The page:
In an address Friday at the 44th annual “SEC Speaks” conference, SEC Commissioner Michael Piwowar suggested that the Securities Exchange Commission might do well to apply its own rules to itself. He suggested the Commission might best build on its 2014 accomplishments by “apply[ing] the same objective that we have for the markets we regulate – that they fair, orderly, and efficient – to ourselves.”

Addressing “fairness,” Piwowar suggested the agency must not engage in rulemaking by enforcement or exam findings and “must resist the temptation to include undertakings in enforcement settlements or principles in examination reports that serve as de facto rule[s].” He also pointed out the unfairness in burying key regulatory guidance in 500 to 1,000-page adopting releases.

Piwowar said the Staff’s recommendation of greater use of the SEC’s administrative forum “has the appearance of the Commission looking to improve its chances of success by moving cases to its in-house administrative system.” That perception might have been ameliorated somewhat by SEC Administrative Law Judge Patil’s recent indication that he will apply the Second Circuit’s Newman rationale (that tippee’s must know of an objective, consequential and valuable gain to the tipper) to the SEC’s insider-trading action, In the Matter of Gregory T. Bolan, Jr., AP No. 3-16178 – even as prosecutors seek an en banc rehearing in the case. Even so, another putative respondent filed suit the day before Piwowar’s remarks challenging the constitutionality of the Commission’s administrative forum. See Gray Financial Group, Inc. v. SEC, No. 1:15-cv-0492-CAP (USDC NDGA).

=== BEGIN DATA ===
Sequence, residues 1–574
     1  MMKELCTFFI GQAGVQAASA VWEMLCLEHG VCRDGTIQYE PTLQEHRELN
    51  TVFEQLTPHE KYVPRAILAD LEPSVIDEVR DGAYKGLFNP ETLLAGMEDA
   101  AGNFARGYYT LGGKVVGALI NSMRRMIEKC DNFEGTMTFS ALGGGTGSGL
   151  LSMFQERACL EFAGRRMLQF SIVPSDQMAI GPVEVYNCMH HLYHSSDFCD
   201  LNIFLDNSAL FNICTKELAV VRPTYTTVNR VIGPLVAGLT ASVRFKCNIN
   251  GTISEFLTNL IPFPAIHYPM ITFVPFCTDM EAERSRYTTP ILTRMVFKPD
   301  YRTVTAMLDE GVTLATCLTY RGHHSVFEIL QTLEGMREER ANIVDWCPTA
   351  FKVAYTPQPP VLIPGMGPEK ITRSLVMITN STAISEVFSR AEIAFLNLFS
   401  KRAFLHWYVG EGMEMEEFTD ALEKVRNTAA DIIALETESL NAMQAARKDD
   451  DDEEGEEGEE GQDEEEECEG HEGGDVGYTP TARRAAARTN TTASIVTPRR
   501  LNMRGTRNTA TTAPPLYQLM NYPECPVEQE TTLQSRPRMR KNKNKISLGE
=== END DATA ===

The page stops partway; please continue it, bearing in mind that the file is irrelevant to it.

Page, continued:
Commissioner Piwowar suggested that “To avoid the perception that the Commission is taking its tougher cases to its in-house judges, and the ensure that all are treated fairly and equally, the Commission should set out and implement guidelines for determining which cases are brought in administrative proceedings and which in federal courts.” Though implementing some guidelines might make for a better “appearance” of fairness, it’s difficult to have much faith in their substantive affect, when the Commission just held (and argues Chevron deference to its view) that the Congressionally-imposed 180-day charging deadline doesn’t matter. (more here)

Commissioner Piwowar’s remarks are here.